Last week, as the great financial reform debate went into extra innings, temperatures were rising and everyone was tense and tired. When the conference finally adjourned, one senior Wall Street analyst told me, “Well, you guys (community banks) did great in this bill—we got our butts kicked. They should fire all the lobbyists that represented Wall Street.” That’s a quote; I’m not making it up.
But that’s how it is in Washington. When one drama ends, another unfolds. Let the finger pointing begin; it is a time-honored Washington, D.C., tradition.
The temptation on the part of some to finger point is understandable in a way. It’s what we used to do when we were children. Now that the financial reform conference is over and the result is known, those who did not do so well will give in to the temptation to cast blame on others to deflect their own shortcomings.
But ICBA is a stand-up organization representing stand-up community banking institutions. That is why I love the community banking industry and have spent most of my adult life in it. The plain and simple truth is that we won more than we lost, but lose we did on some important issues. Our response to that is not to point fingers and cast blame, our response is to get up and engage and fight another day and fix what we need to fix. And that is what ICBA will do, not because it is expedient, but because it is the right thing to do. It is the culture of community bankers. We will make no excuses. We gave it all we had; we left nothing on the field.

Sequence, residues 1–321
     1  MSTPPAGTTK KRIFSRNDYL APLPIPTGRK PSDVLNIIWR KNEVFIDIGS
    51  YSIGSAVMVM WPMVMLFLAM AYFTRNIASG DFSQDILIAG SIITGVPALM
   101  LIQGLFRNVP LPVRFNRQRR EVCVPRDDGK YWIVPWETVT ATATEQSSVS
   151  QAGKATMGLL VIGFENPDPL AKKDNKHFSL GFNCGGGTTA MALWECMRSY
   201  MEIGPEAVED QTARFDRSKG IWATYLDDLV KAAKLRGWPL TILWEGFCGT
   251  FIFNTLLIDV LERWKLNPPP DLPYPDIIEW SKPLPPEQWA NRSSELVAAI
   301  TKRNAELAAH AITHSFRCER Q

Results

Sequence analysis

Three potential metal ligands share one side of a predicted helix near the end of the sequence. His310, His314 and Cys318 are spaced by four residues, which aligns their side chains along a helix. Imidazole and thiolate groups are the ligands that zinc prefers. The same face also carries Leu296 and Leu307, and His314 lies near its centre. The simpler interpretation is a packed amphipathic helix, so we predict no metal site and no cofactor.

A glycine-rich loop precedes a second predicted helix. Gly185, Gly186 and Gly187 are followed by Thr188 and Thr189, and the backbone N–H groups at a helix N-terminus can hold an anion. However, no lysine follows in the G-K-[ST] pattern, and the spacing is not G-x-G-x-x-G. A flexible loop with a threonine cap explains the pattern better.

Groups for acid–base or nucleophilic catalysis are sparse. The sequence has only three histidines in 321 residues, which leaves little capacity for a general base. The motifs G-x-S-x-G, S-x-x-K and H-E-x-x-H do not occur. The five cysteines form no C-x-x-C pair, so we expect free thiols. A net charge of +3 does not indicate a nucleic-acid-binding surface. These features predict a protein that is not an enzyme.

So, let others cast blame wherever they will. At ICBA we will take pride in our accomplishments, and we will continue to work for the best interests of community banks as this landmark legislation moves into the regulatory arena.